Clinical Decision-Making Exercise 9-1


A softball pitcher was out for a whole season for rehabilitation following shoulder surgery. Why is it important that she regain all 3 aspects of muscular fitness?


TYPES OF SKELETAL MUSCLE CONTRACTION


Skeletal muscle is capable of 3 different types of contraction: isometric, concentric, and eccentric.21 An isometric contraction occurs when the muscle contracts to produce tension, but there is no change in muscle length. Considerable force can be generated against some immovable resistance even though no movement occurs. In a concentric contraction, the muscle shortens in length while tension increases to overcome or move some resistance. In an eccentric contraction, the resistance is greater than the muscular force being produced, and the muscle lengthens while producing tension. Concentric and eccentric contractions are considered dynamic movements.47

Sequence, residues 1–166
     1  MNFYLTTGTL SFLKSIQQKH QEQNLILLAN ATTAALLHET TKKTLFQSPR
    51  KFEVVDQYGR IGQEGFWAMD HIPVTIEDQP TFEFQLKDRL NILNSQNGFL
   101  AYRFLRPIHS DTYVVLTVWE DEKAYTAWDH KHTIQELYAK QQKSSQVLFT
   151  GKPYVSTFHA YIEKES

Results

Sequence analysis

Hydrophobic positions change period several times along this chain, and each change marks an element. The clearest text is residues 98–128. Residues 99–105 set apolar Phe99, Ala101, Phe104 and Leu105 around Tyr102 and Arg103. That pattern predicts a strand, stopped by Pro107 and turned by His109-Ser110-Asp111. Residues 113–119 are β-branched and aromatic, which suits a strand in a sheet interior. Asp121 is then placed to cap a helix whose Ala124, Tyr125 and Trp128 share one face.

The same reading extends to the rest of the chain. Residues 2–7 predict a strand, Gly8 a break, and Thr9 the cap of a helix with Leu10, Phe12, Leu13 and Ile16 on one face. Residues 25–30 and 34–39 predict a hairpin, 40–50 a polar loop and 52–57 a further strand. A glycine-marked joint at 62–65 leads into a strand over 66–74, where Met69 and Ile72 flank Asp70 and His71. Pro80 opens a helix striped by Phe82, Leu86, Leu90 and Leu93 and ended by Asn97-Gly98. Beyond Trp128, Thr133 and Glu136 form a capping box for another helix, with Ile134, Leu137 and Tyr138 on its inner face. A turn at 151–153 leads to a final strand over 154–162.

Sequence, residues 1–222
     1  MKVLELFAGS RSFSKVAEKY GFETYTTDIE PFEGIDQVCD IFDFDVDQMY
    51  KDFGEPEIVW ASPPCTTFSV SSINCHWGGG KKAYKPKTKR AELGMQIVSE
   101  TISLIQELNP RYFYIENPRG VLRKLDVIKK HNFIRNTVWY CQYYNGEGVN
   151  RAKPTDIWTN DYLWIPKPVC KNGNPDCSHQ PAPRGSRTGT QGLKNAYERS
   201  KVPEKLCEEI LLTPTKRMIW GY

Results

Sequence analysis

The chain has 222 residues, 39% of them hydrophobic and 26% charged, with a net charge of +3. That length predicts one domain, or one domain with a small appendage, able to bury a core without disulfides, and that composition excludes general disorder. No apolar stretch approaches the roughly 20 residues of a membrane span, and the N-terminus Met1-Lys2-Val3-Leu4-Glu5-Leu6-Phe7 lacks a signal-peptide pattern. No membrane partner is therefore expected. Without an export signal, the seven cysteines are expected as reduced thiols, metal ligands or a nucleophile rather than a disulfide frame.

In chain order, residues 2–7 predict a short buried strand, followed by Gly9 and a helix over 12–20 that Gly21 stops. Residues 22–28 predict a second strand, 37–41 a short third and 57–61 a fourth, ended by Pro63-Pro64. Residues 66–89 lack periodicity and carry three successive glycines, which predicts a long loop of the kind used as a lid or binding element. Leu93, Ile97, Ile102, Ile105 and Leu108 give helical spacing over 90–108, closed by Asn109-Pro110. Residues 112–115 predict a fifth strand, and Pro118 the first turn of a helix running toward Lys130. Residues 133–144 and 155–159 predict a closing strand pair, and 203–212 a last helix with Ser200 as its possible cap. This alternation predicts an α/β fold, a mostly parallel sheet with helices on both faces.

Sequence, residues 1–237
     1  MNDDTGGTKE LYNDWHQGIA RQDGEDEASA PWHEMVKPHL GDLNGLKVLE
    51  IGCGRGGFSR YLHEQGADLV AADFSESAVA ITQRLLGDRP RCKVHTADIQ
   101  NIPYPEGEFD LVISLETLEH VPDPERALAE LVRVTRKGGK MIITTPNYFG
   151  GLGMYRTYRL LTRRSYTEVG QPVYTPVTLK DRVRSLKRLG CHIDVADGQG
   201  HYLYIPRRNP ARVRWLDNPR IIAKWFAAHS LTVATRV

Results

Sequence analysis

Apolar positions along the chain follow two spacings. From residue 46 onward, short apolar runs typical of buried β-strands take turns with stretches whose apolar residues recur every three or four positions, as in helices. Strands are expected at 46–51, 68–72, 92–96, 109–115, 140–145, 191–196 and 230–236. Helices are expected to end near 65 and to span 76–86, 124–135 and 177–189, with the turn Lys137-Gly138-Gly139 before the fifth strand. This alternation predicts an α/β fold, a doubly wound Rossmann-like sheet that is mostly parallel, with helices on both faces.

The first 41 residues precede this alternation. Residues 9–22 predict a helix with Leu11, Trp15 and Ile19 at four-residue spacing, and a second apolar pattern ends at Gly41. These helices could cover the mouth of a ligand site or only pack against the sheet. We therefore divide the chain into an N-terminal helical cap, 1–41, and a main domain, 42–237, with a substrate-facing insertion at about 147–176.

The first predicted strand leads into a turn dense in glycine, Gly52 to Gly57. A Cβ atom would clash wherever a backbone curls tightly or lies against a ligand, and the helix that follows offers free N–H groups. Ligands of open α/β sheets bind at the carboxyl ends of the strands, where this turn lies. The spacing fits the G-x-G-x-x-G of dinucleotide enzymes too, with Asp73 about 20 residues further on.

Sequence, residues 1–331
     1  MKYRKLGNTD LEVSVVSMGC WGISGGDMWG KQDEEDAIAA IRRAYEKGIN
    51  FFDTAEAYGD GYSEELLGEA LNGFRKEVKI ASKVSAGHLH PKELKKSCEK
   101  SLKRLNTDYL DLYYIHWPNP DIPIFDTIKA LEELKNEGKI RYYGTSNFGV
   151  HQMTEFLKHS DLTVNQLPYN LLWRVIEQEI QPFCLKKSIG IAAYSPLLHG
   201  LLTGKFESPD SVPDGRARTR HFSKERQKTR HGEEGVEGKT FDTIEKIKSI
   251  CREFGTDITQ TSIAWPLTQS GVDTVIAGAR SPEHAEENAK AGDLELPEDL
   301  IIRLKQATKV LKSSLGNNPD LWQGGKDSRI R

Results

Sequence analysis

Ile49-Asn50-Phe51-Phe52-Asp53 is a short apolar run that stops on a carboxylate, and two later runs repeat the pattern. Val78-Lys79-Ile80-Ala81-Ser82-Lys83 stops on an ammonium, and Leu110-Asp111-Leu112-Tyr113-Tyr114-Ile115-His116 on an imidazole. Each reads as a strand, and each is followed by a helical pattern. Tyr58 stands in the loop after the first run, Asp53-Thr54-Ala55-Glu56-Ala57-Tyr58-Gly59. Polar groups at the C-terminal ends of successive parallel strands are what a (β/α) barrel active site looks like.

An econcentric contraction combines both a controlled concentric and a concurrent eccentric contraction of the same muscle over 2 separate joints.16 An econcentric contraction is possible only in muscles that cross at least 2 joints. An example of an econcentric contraction is a prone, open kinetic chain hamstring curl. The hamstrings contract concentrically to flex the knee, while the hip tends to flex eccentrically, lengthening the hamstring. Rehabilitation exercises have traditionally concentrated on strengthening isolated single-joint motions, despite the fact that the same muscle is functioning at a second joint simultaneously. Consequently, it has been recommended that the strengthening program includes exercises that strengthen the muscle in the manner in which it contracts functionally. Traditional strength-training programs have been designed to develop strength in individual muscles in a single plane of motion. However, because all muscles function concentrically, eccentrically, and isometrically in 3 planes of motion, a strengthening program should be multiplanar, concentrating on all 3 types of contraction.12